Children and Technology

Sound of Silence

By The Aloha Team

A view of the lake through the trees.

Vermont's Aloha Camps Even in March, there is plenty of activity in Fairlee, Vermont. Although the population around Lakes Morey and Fairlee is certainly less than it will be in July and August, late winter brings School Program and weekend groups to Hulbert,and plenty of skaters and fishermen to the frozen lake surfaces.  In spite of the presence of schoolchildren, skaters and winter enthusiasts, there is always a sense of quiet around our campuses, even in the height of summer when our hillsides and waterfronts are busiest.  Those of us who spend all year in Fairlee sometimes take the quiet for granted, and relish returning to it after a trip “away.”

Each June, when campers and counselors turn up on our five campuses, they begin to make a transition that is sometimes done reluctantly.  In keeping with our philosophy about spending time in natural and simple settings, unplugged from 21st century electronics, we expect our participants and staff to either leave their gadgets at home, or, in the case of counselors, to turn them off for the duration of their time at camp.  As we have blogged about before, most of us are under assault (frequently by choice) 24/7, from the multiple screens and gadgets in our lives.

At the end of 2011, Pico Iyer wrote about The Joy of Quiet for the New York Times, after addressing a conference of marketers in Singapore about “Marketing to the Child of Tomorrow.”

Quiet moment at Vermont's Aloha Camp on Winships“Since luxury, as any economist will tell you, is a function of scarcity, the children of tomorrow, I heard myself tell the marketers in Singapore, will crave nothing more than freedom, if only for a short while, from all the blinking machines, streaming videos and scrolling headlines that leave them feeling empty and too full all at once.”

Iyer might be slightly optimistic that our children would voluntarily put aside their cherished phones, iPods and games, to gain a moment of quiet, but adults who choose to turn off their gadgets find themselves more calm and engaged.  Iyer quotes  Nicholas  Carr, (author of The Shallows: What the Internet is Doing to our Brain)  “A series of tests in recent years has shown, Carr points out, that after spending time in quiet rural settings, subjects exhibit greater attentiveness, stronger memory and generally improved cognition. Their brains become both calmer and sharper.”  Whether teen or adult, our tendency to skip from text, to photo, to email to web page makes it harder and harder for us to remain focused on a conversation, assignment for school or task at work.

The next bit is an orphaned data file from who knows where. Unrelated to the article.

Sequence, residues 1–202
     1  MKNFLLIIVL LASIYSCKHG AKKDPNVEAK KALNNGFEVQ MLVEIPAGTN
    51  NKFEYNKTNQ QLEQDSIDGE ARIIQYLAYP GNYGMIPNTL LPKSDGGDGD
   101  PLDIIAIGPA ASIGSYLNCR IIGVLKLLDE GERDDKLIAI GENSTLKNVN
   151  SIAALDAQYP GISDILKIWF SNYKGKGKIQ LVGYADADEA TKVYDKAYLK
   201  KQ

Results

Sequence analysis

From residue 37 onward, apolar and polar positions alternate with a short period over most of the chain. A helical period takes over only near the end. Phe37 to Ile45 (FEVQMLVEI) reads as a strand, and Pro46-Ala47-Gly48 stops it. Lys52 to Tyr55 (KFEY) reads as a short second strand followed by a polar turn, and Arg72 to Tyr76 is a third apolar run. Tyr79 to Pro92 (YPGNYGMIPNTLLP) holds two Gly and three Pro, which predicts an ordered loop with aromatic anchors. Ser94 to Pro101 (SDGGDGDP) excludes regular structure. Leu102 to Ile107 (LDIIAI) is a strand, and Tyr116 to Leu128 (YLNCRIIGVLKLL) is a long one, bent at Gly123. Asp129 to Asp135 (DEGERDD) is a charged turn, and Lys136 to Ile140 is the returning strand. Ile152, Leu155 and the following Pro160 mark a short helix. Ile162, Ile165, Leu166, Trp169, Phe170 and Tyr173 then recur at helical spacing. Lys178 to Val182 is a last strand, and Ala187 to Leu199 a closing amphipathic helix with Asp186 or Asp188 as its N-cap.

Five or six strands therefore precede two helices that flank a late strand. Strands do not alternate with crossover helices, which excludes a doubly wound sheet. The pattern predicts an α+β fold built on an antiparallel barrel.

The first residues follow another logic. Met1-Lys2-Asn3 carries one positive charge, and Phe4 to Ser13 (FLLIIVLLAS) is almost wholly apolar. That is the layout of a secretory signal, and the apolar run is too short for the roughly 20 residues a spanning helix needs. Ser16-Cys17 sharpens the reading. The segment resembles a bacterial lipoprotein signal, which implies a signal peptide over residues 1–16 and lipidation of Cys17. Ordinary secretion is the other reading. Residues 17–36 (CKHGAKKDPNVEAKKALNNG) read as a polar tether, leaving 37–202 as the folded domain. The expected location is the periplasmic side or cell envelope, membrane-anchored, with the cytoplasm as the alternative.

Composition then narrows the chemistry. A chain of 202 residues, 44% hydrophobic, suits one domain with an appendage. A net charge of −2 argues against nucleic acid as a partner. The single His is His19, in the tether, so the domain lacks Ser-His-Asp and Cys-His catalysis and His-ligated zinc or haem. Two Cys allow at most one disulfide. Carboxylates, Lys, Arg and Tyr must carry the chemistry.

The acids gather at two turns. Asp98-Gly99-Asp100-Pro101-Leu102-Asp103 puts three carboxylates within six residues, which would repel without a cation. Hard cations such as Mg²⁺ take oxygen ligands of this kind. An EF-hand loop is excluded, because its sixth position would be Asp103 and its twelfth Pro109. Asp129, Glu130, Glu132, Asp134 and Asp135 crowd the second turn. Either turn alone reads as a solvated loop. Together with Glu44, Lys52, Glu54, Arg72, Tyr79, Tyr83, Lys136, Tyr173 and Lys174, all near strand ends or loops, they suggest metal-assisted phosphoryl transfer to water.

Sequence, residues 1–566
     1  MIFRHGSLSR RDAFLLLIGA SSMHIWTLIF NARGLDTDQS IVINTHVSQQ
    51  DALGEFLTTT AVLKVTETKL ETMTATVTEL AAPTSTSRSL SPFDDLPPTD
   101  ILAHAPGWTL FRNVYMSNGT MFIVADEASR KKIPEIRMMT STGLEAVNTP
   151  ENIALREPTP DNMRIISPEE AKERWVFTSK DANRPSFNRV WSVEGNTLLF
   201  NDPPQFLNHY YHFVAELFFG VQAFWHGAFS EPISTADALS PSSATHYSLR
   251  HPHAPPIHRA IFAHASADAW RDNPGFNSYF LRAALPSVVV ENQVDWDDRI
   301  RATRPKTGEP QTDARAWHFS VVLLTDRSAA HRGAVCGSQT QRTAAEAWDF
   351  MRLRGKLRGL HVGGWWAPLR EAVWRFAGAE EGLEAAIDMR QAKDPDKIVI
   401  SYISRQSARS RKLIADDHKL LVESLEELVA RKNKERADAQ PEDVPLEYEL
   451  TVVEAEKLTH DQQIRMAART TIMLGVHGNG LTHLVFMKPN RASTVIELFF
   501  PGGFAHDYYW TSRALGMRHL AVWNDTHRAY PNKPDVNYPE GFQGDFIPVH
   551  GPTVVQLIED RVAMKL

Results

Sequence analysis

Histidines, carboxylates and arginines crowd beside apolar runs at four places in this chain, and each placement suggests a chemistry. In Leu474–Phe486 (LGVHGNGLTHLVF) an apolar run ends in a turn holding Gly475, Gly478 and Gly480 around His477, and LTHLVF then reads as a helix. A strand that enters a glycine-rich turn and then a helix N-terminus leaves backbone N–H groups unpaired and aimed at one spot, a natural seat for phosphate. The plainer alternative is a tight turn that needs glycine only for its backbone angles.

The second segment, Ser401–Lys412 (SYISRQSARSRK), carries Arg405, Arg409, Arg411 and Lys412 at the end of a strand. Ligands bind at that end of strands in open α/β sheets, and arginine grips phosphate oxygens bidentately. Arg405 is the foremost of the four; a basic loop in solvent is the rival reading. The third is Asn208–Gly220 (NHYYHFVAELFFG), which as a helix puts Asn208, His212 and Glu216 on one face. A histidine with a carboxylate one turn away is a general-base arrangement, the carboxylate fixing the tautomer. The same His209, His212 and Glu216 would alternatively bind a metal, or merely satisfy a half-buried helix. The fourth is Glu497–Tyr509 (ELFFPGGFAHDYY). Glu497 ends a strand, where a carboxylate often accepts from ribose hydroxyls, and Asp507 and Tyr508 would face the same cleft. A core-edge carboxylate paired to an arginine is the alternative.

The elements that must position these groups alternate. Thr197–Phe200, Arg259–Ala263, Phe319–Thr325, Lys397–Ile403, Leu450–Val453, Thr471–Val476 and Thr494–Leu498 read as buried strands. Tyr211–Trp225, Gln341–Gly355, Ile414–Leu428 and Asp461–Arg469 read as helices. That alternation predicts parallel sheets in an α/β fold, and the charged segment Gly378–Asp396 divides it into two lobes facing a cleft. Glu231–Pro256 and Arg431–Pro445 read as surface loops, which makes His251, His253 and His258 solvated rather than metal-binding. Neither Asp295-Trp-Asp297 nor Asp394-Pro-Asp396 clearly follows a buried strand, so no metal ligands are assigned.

Vermont's Lanakila Camp for Boys offers one-on-one counselor attentionAlthough we sometimes lose prospective families who decide that the technology-free settings at our camps are not what they’re looking for, most families love that their children, and in some cases, they themselves at Ohana Family Camp, will get a break from the incessant chatter that fills our days.  In another recent New York Times article,  Resolved in 2012: Enjoy View Without an iPhoneNick Bilton The New York Times technology columnist and blogger acknowledges that, “Spending a half-hour a day without electronics might sound easy for most, but for me, 30 unconnected minutes produces the same anxious feelings of a child left accidentally at the mall.” Although that may seem extreme for some, many of us know the feeling of fishing for the phone, just in case something has come in since we last checked. In fact, the phenomenon of technology addiction is on the rise.

Parents of middle school and teenaged girls may be aware of the peril of another internet phenomenon: the Facebook profile photo. It is not simply enough to constantly upload photos of oneself and friends, but for many girls, how “good” they look in the photo is significant.  Randye Hoder, a freelance writer and mother from Los Angeles writes in the Motherlode blog of the New York Times, For Teenage Girls, Facebook Means Always Being Camera-Ready.  Hoder writes about girls whose preoccupation with how they look on Facebook, and how many “likes” their photos get, means that they focus on a kind of attention that most parents consider unconstructive, and more to the point, “More generally, the preoccupation with ‘How do I look?’ may well be getting in the way of living authentically.”

Authentic moment at Vermont's Aloha Camp for GirlsThe idea of authenticity is at the heart of what the camps and programs of The Aloha Foundation try to do.  Whether one spends  summer weekdays at Horizons Day Camp, seven weeks at one of our residential camps, a family reunion week at Ohana Family Camp, or a school program with Hulbert Outdoor Center, we emphasize a philosophy of simple, unplugged living and learning.  Although campers will tell you that they love spending a summer in Fairlee because it’s “fun,” what underscores the fun is the opportunity for our campers and participants to have just enough quiet to hear themselves think.

Laura Gillespie is the Communications & Alumni Relations Manager at The Aloha Foundation, as well as an alumna of Aloha Hive and Aloha Camp, and has been a Horizons and Lanakila parent